In 2016, Johnny Warström and seven colleagues from his Swedish startup decamped from Stockholm to San Francisco to take part in a startup accelerator. The accelerator program was by no means a necessity—their product, an interactive presentation tool called Mentimeter, had already gotten some traction after launching in 2014—but it was not without its purpose.

Warström believes that more than the program, the four months of living, eating, and playing together in California changed the trajectory of the young company. “The trip glued us together in a way we had never experienced before,” he says.

So every year since that fateful trip, Warström has tried to replicate it. Mentimeter, now a company with roughly 40 employees, takes a month every year to travel as a team. The destination in 2017 was Barcelona; 2018 was Lisbon; and 2019 is set for Palermo, Italy.

The concept of uprooting an entire company for a month seems, well, impractical. Not all employees or companies can afford to skip town for an extended period of time. As Mentimeter has grown, it’s had to adjust the retreats so that employees with families or pets, for example, can fly home for the weekends. But the benefit of giving employees a respite from the daily office grind is undeniable. The question is whether it’s a worthy investment.


Axolotls in crisis: the fight to save the ‘water monster’ of Mexico City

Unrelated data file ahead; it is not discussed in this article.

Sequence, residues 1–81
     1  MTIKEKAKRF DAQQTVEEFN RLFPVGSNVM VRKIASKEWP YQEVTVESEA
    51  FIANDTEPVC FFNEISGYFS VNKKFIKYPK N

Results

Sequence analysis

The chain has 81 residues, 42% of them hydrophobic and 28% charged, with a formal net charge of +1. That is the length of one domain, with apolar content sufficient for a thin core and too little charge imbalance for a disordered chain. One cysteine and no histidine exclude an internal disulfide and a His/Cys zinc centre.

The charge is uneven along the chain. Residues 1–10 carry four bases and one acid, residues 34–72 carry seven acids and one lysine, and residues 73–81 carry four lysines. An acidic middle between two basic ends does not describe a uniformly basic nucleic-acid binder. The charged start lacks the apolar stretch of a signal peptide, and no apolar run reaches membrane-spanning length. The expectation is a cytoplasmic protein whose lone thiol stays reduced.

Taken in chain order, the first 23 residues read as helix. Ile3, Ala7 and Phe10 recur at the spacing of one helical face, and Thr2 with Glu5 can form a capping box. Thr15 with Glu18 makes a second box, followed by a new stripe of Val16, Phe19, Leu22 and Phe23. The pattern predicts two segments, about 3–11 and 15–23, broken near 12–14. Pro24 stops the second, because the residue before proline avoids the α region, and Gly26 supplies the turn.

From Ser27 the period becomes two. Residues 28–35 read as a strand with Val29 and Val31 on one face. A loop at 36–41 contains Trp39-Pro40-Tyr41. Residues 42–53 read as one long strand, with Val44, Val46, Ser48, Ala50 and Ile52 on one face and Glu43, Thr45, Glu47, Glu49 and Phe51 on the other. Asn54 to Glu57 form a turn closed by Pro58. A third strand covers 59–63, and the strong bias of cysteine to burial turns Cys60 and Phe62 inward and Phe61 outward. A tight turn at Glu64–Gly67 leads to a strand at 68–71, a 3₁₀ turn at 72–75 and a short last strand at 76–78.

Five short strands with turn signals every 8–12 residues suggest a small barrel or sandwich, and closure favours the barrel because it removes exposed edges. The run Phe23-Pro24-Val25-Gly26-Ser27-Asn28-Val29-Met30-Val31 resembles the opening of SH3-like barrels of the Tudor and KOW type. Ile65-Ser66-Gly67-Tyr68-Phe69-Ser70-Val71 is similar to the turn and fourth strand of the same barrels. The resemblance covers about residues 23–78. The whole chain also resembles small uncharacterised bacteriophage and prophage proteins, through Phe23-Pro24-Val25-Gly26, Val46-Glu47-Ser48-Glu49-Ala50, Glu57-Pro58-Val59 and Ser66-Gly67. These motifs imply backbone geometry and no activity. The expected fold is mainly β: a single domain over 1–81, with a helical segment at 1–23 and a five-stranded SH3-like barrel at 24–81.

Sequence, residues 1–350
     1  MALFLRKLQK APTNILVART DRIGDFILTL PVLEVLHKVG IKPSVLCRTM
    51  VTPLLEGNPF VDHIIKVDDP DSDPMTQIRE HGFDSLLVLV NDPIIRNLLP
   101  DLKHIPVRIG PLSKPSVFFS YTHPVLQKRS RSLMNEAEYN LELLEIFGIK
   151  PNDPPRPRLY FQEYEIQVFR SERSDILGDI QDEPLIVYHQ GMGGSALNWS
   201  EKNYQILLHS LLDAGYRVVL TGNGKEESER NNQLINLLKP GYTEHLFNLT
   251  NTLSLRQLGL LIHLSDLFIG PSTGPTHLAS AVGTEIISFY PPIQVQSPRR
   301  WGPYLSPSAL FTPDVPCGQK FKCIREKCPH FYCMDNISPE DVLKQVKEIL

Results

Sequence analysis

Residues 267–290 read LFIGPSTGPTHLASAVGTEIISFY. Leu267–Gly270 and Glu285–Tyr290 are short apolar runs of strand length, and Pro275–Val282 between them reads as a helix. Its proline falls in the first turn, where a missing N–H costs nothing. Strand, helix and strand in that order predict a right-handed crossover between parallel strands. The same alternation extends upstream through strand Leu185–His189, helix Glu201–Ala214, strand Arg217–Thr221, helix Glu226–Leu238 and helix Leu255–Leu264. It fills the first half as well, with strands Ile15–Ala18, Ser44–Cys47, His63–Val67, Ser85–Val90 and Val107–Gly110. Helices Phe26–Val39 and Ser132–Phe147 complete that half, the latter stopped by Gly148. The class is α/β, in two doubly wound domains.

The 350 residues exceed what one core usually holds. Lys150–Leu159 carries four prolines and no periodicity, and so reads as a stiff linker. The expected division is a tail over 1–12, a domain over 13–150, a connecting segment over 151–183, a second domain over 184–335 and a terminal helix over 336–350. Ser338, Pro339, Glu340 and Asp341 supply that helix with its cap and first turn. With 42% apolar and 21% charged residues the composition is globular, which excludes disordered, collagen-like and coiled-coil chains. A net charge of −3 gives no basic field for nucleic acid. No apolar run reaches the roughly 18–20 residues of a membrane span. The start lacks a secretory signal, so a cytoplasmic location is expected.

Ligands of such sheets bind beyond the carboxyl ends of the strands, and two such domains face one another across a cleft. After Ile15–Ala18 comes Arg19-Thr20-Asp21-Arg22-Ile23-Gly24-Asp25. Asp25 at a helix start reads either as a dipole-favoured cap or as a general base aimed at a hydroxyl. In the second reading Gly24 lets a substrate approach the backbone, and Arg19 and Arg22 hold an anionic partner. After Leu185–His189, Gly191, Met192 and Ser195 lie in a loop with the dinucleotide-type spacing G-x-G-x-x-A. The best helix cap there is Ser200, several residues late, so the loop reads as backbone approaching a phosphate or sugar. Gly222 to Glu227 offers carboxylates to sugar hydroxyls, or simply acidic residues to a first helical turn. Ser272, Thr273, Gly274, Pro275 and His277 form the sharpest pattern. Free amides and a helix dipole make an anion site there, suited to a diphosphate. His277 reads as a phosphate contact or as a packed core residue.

The city’s floating gardens are a prime party spot – but pollution has driven the axolotl population to the verge of extinction. Can a radical plan save them?


Axolotls are embedded in Mexico City’s culture, and murals and graffiti depicting the unusual creature are ubiquitous in the capital.

Like many residents of Mexico City, my experience of the floating gardens of Xochimilco has mostly been tinged with alcohol. After all, every weekend, this Unesco world heritage site turns into a bacchanal, with groups aboard the canals’ iconic boats celebrating everything from high school graduations to engagements and weddings.

But this is a weekday morning, and Carlos Sumano, who is steering my canoe through the floating gardens, or chinampas, says that sort of unfettered use has taken its toll on the ecosystem. During his six years working in Xochimilco, Sumano has come across everything from pushchairs to television sets in canals.

Water pollution has also affected the region’s most unique creature: the axolotl.

When the Aztecs established themselves in the nearby city of Tenochtitlan, they found in Xochimilco what appeared to be the larva of a salamander. Fascinated, they called the animal “water monster” and incorporated it into their mythology as the mischievous and renegade brother of the god Quetzalcoatl.